Steve Mann, known as the “father of wearable technology,” has always been both an inventor and an entrepreneur.
His interest in tinkering with electronics led him to start his own TV repair business at the age of eight, but he didn’t stop at just fixing screens. “Since my childhood, I’ve been fascinated by inventing things,” says Mann.
He came up with the idea of modifying a TV screen, shrinking it so it would fit into a helmet or eyeglasses. Early versions he created in the 1970s and 1980s required antennas and bulky hardware strapped to his body — he knew that building these prototypes at a time where most didn’t understand what wearable technology was made him seem a bit loony. But 40 years later, it’s been proven Mann was simply ahead of his time.
As the Chief Scientist – Wearable Computing at the Creative Destruction Lab in Toronto, Mann helps founders of tech and science-based startups validate their own loony ideas and navigate the commercialization process. And he’s a quite a unique mentor to have. As a prolific inventor — he created the world’s first smartwatch, the first implantable eye camera and HDR imaging — Mann studied at MIT and then opened a lab at Stanford. Today, he has three locations of MannLab — Toronto, Palo Alto and Shenzhen — where he and his team conduct research, invent new products and work with companies to figure out how to best commercialize those inventions. He has been recognized globally for his work including as a senior member of the IEEE and recently named member of the Council for Extended Intelligence. Mann teaches at the University of Toronto, both in the department of electrical and computer engineering and at the Rotman School of Management.
As a teacher, Mann is particularly interested in closing the gap for technical founders between the invention itself and commercialization. “I wanted to create something that goes from how to form an idea all the way to how to bring it into production,” he says. So he launched a course last year to do just that. Inventrepreneurship — a phrase he coined to reflect the melding of invention and entrepreneurship — is a course he designed to support modern day renaissance people he calls DASTEMs, those who are designers, artists, scientists, technologists, engineers and mathematicians.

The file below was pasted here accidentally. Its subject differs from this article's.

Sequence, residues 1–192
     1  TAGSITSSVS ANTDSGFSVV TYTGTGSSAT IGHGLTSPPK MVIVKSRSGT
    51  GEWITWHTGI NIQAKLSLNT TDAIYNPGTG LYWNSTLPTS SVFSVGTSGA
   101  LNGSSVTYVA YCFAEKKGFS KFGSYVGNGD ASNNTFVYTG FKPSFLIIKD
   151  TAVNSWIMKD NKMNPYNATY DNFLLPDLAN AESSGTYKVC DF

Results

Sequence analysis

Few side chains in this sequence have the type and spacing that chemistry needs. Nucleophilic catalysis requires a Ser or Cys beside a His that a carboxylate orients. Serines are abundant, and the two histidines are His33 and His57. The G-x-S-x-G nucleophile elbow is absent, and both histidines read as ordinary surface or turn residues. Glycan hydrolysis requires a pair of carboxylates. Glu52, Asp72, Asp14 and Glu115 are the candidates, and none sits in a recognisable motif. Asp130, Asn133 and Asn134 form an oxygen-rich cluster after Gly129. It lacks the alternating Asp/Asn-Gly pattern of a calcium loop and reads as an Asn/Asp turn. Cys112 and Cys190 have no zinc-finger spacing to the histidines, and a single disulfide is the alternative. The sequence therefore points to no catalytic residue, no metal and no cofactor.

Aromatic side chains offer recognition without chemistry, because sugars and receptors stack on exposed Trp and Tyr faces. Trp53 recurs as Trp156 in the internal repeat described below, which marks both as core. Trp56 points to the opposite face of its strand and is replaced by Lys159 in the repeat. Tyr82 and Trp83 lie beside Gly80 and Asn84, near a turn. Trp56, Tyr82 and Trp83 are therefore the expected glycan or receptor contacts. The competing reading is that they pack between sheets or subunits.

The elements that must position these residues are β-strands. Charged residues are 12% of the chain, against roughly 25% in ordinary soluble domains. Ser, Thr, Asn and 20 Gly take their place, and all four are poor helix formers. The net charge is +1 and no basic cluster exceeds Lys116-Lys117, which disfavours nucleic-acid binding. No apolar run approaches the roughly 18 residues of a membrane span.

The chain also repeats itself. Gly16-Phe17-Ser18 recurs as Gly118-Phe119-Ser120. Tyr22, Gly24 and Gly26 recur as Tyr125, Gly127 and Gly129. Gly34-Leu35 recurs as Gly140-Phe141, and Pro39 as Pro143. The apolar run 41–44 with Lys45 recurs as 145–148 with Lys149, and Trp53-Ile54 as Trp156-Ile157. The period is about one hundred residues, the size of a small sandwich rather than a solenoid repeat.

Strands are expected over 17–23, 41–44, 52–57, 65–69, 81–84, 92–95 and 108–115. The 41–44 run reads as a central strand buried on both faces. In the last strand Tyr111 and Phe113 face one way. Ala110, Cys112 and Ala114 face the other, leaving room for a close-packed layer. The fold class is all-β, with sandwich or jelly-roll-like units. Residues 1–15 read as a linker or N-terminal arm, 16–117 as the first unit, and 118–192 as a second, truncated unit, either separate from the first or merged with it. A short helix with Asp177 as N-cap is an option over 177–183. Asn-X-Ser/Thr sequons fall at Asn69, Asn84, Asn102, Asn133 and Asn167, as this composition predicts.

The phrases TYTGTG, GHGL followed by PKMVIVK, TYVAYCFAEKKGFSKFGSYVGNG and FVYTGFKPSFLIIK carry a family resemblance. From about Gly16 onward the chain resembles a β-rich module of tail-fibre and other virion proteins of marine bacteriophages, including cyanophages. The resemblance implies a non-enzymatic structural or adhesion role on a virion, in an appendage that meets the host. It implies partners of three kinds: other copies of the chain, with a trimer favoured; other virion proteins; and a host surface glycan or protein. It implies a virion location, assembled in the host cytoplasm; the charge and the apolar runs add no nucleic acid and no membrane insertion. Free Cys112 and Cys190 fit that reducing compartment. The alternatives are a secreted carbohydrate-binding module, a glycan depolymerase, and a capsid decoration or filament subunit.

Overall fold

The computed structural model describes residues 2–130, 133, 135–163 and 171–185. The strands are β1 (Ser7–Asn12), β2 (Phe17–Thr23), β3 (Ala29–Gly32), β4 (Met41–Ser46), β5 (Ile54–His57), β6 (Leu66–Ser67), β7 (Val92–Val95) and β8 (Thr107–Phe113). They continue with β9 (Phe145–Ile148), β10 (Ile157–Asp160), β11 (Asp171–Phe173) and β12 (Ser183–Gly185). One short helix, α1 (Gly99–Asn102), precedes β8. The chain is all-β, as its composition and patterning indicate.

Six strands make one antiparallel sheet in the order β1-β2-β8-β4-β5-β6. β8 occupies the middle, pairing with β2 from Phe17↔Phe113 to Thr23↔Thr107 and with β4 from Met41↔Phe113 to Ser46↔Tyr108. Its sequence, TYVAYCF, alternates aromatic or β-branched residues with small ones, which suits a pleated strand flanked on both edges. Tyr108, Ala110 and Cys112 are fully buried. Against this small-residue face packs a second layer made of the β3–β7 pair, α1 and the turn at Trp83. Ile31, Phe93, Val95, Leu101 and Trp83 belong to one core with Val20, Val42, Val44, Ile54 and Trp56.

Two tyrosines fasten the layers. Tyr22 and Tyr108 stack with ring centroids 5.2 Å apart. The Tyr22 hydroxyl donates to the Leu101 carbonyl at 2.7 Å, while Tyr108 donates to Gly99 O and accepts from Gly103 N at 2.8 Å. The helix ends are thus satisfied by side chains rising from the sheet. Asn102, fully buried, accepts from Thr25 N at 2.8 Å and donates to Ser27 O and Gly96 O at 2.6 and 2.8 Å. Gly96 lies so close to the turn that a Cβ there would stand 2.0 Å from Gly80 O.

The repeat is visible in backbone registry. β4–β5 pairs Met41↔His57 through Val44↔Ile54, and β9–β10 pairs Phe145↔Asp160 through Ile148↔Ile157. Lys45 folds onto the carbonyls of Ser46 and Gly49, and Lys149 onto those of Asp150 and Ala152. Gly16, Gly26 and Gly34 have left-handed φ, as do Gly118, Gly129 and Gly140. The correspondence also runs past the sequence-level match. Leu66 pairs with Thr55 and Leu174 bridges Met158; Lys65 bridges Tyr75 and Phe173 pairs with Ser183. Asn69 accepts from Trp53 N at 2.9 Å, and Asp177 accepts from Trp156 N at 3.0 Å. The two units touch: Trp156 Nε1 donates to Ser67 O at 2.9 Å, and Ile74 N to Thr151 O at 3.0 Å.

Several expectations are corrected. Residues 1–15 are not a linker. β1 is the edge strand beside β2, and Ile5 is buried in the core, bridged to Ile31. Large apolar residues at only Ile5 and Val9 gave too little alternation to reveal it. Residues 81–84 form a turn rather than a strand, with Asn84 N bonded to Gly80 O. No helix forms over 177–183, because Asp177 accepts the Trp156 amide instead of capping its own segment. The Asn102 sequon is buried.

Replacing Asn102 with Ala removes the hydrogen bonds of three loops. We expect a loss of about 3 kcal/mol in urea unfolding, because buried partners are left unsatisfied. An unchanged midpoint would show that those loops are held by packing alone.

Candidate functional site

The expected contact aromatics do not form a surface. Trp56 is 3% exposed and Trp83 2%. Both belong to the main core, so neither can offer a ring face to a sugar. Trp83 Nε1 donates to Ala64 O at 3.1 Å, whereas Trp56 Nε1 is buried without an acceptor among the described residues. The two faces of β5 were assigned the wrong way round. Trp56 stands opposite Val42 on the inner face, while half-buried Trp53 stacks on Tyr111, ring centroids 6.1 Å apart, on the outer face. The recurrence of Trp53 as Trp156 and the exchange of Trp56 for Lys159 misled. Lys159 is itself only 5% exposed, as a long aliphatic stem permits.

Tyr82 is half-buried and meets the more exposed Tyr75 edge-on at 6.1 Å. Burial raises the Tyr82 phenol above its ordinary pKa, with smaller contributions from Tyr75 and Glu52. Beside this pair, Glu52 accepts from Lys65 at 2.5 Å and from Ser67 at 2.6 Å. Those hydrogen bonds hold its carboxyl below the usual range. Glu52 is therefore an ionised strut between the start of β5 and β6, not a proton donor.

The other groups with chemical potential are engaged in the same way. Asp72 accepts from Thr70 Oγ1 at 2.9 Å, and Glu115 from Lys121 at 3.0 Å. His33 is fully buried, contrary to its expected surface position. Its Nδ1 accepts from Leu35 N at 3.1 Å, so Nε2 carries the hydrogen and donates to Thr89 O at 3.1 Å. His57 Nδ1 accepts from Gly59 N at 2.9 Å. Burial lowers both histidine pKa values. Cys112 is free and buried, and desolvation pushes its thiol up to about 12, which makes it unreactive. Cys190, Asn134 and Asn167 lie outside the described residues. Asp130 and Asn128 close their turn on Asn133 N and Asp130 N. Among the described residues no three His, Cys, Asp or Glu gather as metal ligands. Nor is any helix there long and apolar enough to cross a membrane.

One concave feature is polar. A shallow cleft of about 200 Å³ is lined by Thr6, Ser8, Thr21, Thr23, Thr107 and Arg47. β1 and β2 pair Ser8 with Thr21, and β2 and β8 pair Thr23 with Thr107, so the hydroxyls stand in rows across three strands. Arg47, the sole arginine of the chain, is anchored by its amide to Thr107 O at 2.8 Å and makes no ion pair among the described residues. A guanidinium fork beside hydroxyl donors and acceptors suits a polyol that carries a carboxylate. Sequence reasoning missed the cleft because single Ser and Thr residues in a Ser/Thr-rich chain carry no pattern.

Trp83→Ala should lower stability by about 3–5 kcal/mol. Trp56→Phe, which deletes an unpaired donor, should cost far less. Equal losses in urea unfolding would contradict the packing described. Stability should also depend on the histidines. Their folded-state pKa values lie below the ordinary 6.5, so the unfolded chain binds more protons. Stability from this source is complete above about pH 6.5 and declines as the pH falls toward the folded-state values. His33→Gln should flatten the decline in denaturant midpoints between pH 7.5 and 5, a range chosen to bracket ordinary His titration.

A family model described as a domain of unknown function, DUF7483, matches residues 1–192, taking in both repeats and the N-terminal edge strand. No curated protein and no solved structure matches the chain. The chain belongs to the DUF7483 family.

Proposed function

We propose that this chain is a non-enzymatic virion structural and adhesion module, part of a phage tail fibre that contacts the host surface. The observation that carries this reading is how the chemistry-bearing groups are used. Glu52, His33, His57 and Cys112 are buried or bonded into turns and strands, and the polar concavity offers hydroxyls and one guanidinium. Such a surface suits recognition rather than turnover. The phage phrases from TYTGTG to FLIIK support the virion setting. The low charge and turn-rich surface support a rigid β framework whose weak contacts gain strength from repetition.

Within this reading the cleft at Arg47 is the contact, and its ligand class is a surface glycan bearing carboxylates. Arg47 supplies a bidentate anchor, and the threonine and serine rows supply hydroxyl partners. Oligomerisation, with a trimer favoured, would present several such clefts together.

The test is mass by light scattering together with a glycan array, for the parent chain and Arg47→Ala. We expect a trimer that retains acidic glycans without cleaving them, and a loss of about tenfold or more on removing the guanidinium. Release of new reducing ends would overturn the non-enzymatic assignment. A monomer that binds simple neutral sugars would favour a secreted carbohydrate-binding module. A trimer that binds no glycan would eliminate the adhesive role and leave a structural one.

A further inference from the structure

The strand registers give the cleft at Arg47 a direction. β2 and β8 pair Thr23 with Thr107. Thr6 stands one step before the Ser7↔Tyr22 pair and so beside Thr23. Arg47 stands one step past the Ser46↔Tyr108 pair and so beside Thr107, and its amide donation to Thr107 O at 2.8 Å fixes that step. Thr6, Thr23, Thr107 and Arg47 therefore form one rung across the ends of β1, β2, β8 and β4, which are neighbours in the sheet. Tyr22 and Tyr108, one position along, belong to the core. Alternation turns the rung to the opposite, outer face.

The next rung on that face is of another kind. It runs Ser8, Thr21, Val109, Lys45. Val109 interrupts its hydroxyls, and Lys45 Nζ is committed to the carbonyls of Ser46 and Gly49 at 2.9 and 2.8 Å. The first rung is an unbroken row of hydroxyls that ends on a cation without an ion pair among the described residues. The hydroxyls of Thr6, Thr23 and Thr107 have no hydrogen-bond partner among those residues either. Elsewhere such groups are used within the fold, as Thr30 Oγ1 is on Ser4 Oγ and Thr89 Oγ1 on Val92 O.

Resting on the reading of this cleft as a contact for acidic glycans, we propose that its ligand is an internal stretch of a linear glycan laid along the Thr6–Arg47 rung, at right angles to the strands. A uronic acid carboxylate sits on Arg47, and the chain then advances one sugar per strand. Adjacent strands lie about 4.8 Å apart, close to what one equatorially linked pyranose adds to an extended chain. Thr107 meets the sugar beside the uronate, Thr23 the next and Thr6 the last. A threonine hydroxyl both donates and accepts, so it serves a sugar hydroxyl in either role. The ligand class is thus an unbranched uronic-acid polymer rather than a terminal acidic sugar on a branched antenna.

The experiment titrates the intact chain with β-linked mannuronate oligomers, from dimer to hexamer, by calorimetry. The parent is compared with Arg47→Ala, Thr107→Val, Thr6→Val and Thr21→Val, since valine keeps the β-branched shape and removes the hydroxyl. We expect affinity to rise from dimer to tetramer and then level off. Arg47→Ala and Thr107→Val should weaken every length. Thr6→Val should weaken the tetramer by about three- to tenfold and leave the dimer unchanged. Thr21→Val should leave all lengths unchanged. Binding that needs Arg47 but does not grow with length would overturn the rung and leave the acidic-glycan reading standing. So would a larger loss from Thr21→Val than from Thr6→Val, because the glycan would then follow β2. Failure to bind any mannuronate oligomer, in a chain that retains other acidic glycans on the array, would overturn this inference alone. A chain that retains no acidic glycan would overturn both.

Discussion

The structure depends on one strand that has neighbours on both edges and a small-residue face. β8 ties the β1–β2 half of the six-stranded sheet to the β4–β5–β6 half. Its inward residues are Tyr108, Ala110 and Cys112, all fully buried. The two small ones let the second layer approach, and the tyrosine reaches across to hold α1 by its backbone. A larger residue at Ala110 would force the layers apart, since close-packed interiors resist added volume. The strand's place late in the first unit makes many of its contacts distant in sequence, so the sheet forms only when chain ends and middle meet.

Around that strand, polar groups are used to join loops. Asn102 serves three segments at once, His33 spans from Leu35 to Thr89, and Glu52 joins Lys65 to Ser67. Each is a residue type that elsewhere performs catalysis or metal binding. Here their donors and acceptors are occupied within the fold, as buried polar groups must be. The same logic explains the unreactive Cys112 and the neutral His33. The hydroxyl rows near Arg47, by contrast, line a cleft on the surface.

“The business world is very vertical — people who run by schedules and have very specific agendas,” says Mann. “What’s missing is free-form creativity.”
In addition to mentoring students and his role with the CDL, he’s offering the course again in the winter semester and is hoping students who are interested will get a jump start on their projects before then. Mann has already seen encouraging results from the course’s first iteration, including a teaching assistant who formed a blockchain company that recently secured a $25M ICO.
For Mann, supporting innovation is exactly what a business school should focus on. That’s why he’s involved with the CDL; it provides a unique place for lateral thinkers to learn about business. While there are many different programs that support startup founders, ultimately Mann says there’s one thing that sets the CDL apart from them: “You need to be the best when you’re in business — the CDL is really about excellence.”
The CDL is a seed-stage program for massively scalable, science-based companies. Its nine-month program pairs founders with experienced entrepreneurs and investors to set focused, measurable objectives with the goal of maximizing equity-value creation. Launched in 2012 at the Rotman School of Management at the University of Toronto, the program has now expanded with locations in Vancouver, Calgary, Montreal, Halifax, and New York City. Since its inception in 2012, companies that have participated in the CDL programs have created over $2.8 billion (CAD) in equity value. CDL Alumni include Thalmic Labs (Waterloo), Atomwise (San Francisco), Deep Genomics (Toronto), Nymi (Toronto), Automat (Montreal), Kyndi (Palo Alto), and Heuritech (Paris).